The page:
History of Shangri-La City and The Name of Shangri-La

History of Shangri-La City

Diqing has long history. Wexi Lisu Autonomous County’s Gordon Neolithic sites proves that as early as six or seven thousand years ago, there was human lives and breeds in Diqing.
About two or three thousands years ago, Tubo ancestors had been here and created distinctive aboriginal culture.
In Qin Dynasty, Tibetan Empire’s ruling power had extended to Diqing already.
In Han Dynasty, Shangri-la was the land of Yark Qiang.
In the Three Kingdoms Period, it belonged to Yunnan.
In South and North Dynasties, it belonged to Dangxian Tribe.
During Sui Dynasty, it was under the administration of Nanningzhou Main Office.
In Tang Dynasty China, it was the land of Shenzhou of Tibetan Empire.
In Song Dynasty, it was in Dali Kingdom.
In Yuan Dynasty, it was name “Da Dan Dang”, and in 1293, it belonged to Luxuanweisi Government.
After the middle of the Ming Dynasty, it belonged to Lijiang Military and Civilian Government.
During Qing Dynasty, Shangri-la was gave to Dalai Lama by Wu Sangui, and In 1726, it was put under LIjiang Government.
In Apirl, 1913, Zhongdiang Ting was renamed to Zhongdian County
On May 10, 1950, Zhongdian was liberated and put under Lijiang Prefecture.   
On Sep. 13, 1957, Diqing Tibetan Autonomous Prefecture was officially established.
On Dec. 17, 2001, Zhongdian County renamed as Shangri-la County.

History of The Name “Shangri-La” City

At first it seemed like a typically overstated tourist campaign: ‘Shangri-la Found’. Only they weren’t kidding. In November 1997 ‘experts’ had established with ‘certainty’ that the fabled ‘Shangri-la’ of James Hilton’s 1933 bestseller Lost Horizon was, indeed, in Déqīn County.

Hilton’s novel (later filmed by Frank Capra and starring Ronald Coleman and Jane Wyatt) tells the story of four travellers who are hijacked and crash-land in a mountain utopia ruled by a 163-year-old holy man. This ‘Shangri-la’ is in the Valley of the Blue Moon, a beautiful fertile valley backed by a perfect pyramid peak, Mt Karakul.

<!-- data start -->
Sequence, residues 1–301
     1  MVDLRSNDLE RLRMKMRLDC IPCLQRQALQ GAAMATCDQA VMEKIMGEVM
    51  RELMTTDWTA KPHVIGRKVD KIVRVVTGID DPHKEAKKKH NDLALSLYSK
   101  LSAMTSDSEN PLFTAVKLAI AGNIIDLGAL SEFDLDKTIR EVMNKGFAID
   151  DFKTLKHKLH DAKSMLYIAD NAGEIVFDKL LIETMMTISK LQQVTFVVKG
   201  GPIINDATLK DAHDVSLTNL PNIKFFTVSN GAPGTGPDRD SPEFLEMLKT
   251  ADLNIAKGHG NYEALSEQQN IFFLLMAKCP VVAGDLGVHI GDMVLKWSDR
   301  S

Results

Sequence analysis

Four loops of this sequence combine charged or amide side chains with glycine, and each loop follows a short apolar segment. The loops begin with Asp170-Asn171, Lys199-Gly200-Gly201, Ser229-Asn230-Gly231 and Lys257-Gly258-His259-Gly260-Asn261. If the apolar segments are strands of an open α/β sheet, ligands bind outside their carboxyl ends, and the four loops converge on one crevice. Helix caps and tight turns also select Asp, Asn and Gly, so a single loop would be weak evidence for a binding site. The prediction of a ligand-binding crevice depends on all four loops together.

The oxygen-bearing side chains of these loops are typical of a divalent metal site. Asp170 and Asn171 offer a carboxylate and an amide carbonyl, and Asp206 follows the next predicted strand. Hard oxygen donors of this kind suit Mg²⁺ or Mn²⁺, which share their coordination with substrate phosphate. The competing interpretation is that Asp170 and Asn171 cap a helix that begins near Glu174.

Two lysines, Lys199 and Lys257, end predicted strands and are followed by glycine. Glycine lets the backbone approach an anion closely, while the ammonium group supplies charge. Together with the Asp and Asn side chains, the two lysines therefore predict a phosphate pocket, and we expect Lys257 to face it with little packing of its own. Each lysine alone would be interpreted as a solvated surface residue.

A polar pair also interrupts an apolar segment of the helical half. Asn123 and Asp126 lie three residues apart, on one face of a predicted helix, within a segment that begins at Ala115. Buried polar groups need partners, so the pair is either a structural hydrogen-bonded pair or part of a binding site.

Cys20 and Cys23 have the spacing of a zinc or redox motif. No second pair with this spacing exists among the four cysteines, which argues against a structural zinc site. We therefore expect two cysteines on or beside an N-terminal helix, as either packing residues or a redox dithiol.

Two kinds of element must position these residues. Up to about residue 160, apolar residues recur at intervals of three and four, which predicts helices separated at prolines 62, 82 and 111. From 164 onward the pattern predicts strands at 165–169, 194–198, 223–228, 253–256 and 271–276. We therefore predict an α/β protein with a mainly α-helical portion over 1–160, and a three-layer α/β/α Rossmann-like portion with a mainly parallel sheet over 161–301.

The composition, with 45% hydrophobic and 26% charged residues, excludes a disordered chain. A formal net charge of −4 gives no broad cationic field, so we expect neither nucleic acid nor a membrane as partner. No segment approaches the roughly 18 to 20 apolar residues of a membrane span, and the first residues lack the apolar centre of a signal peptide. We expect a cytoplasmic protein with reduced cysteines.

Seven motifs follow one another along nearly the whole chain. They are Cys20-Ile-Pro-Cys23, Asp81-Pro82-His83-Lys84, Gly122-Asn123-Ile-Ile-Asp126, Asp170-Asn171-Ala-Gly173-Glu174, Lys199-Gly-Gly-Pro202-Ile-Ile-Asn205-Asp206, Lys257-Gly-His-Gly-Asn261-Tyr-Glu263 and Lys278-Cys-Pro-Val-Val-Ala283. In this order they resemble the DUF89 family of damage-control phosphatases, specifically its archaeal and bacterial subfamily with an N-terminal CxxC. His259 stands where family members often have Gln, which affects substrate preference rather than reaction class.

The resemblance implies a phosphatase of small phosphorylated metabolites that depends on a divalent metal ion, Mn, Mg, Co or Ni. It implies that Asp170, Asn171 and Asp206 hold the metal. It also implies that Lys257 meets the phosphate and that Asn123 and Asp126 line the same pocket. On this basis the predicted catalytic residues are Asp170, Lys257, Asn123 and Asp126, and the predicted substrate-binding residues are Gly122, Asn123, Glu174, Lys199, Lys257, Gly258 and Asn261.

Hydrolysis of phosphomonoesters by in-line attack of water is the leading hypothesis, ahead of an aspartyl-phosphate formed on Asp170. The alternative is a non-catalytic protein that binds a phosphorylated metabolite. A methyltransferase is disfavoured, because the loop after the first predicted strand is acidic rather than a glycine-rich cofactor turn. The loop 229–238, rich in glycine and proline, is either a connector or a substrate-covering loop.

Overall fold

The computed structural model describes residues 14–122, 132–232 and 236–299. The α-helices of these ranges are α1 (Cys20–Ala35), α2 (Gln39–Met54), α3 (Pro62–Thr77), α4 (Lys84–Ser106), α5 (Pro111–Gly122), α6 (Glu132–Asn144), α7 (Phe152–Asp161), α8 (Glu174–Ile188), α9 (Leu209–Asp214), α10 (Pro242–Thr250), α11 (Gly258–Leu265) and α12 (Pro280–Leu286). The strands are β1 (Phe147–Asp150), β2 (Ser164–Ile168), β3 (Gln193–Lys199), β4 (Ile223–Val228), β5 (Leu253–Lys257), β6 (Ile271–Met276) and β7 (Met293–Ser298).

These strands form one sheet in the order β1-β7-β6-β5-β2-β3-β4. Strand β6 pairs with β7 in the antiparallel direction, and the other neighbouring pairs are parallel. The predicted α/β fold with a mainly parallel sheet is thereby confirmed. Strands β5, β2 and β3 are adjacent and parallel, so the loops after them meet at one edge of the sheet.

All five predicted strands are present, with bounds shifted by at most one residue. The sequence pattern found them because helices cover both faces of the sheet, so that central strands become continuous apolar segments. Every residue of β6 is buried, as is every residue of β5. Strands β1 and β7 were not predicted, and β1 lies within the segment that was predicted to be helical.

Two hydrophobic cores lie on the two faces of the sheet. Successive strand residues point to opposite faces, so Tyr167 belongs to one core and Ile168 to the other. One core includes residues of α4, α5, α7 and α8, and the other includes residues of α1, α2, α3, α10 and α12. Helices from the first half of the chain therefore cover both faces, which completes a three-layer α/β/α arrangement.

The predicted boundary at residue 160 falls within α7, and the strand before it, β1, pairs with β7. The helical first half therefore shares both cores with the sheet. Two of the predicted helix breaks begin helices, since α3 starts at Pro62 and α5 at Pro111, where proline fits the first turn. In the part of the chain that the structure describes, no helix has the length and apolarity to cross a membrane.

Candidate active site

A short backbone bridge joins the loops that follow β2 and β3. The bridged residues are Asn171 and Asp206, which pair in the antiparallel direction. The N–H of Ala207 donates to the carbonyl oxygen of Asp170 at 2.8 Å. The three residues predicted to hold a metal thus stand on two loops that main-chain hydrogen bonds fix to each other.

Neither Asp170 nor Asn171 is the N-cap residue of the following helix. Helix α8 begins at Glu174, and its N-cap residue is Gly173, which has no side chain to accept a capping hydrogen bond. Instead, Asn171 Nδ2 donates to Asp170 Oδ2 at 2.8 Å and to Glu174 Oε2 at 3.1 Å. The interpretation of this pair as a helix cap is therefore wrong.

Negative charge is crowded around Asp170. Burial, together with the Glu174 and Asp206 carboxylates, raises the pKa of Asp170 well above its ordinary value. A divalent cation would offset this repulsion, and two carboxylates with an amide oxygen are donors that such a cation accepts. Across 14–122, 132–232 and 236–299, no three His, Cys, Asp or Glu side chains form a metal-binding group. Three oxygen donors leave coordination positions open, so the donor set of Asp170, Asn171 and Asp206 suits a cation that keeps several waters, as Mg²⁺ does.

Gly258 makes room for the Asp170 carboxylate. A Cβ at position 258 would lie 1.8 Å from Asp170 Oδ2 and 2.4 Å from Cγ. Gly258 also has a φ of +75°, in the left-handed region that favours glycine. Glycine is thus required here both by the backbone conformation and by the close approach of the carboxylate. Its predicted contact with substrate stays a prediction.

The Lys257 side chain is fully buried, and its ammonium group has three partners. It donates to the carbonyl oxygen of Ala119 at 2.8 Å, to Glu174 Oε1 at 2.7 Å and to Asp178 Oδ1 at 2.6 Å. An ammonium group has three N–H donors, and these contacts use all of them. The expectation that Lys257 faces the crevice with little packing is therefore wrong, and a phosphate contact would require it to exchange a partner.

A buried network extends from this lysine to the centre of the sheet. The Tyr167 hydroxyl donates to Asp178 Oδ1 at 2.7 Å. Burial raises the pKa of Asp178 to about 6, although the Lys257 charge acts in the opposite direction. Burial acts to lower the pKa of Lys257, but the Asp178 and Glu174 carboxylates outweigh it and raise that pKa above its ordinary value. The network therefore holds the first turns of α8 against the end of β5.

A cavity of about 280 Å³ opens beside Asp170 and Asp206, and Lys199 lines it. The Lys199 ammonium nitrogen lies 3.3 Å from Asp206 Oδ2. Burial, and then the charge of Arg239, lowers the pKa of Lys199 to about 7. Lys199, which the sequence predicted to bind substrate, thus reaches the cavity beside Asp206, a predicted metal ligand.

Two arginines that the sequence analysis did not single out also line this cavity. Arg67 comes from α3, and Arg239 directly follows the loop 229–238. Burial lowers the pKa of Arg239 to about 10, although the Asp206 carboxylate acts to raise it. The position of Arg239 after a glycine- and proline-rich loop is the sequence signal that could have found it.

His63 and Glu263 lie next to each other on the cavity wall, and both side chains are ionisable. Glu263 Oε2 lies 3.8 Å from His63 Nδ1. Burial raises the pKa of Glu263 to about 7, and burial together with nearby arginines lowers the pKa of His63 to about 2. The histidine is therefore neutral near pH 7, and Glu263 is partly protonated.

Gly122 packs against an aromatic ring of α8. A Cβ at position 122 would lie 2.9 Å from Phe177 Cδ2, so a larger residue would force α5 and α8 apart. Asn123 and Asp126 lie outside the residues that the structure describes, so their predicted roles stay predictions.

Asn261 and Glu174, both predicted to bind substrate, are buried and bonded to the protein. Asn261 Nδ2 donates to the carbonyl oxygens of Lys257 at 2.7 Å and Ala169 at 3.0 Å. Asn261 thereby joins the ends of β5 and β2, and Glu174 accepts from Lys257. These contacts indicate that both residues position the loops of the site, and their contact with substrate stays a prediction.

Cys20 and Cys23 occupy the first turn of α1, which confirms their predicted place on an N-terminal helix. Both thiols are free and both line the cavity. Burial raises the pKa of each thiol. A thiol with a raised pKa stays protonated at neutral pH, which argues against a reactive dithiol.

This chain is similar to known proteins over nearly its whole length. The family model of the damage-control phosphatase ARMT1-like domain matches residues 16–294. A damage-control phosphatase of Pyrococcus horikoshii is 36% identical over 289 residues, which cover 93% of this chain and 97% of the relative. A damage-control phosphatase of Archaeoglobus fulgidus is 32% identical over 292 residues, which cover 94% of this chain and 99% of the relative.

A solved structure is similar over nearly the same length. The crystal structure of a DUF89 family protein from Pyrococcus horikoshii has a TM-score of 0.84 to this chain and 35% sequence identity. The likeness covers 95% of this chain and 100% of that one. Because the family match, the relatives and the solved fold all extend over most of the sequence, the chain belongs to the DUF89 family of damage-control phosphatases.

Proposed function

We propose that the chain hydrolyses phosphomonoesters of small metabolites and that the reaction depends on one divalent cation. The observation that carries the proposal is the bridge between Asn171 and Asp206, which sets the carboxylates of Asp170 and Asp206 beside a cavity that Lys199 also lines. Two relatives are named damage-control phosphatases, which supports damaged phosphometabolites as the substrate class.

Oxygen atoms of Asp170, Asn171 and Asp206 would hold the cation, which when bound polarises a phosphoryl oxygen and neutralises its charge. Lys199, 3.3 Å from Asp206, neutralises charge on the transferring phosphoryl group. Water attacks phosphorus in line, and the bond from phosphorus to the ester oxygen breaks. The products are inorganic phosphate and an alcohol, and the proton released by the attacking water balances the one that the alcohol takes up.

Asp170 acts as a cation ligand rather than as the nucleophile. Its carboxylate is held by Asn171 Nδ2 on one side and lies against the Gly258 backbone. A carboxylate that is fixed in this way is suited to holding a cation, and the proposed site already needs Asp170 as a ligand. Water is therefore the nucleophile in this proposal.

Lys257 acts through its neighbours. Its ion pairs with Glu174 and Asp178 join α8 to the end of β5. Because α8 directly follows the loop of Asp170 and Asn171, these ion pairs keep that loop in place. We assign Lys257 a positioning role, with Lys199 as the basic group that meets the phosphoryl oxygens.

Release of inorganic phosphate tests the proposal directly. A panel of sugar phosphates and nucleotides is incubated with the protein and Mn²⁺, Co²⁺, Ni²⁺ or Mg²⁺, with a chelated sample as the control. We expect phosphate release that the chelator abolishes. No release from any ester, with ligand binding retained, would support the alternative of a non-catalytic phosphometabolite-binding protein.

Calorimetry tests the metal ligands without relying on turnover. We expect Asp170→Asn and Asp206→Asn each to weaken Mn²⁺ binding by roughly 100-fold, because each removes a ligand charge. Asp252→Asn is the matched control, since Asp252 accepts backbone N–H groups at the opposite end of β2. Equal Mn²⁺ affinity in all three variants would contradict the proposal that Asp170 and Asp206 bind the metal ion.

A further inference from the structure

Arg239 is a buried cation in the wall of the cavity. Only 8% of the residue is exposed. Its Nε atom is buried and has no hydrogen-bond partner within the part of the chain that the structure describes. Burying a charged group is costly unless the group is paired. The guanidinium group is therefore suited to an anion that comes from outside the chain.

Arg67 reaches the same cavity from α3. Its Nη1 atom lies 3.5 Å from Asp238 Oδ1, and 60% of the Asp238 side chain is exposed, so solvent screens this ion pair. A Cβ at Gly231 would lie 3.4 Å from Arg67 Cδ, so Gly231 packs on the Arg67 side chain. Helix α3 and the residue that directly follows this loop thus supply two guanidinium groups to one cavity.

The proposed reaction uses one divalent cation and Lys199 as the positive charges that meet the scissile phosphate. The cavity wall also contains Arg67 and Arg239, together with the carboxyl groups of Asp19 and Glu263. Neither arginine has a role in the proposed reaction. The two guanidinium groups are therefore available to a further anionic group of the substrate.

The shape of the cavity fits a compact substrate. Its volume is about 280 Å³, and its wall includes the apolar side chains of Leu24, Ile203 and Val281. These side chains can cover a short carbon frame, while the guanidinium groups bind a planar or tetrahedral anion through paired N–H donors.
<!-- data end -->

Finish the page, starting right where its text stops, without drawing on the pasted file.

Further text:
The claim is based primarily on the fact that Déqīn’s Kawa Karpo peak resembles the ‘pyramid-shaped’ landmark of Mt Karakul. Also, the county’s blood-red valleys with three parallel rivers fit a valley from Lost Horizon.

One plausible theory is that Hilton, writing the novel in northwest London, based his descriptions of Shangri-la on articles by Joseph Rock that he had read in National Geographic magazine, detailing Rock’s expeditions to remote parts of Lìjiāng and Déqīn. Hilton’s invented place name ‘Shangri-la’ may have been a corruption of the word Shambhala, a mystical Buddhist paradise.

After Déqīn staked its claim to the name Shangri-la, rival bids popped up around Yúnnán. Cízhōng in Wēxī County pointed out that its Catholic churches and Tibetan monasteries live side by side in the valley. Meanwhile, Dàochéng, just over the border in Sìchuān, had a strong bid based around the pyramid peak of its mountain Channa Dorje and the fact that Rock wrote about the region in several articles.

Cynics have had a field day with this and the resulting hijacking of the concept, part of which was to establish tourism as an industry to replace logging, which had been banned.

Shangri-la is at its heart surely a metaphor. As a skinny-dipping Jane Wyatt says in the film version of the book: ‘I’m sure there’s a wish for Shangri-la in everyone’s heart…’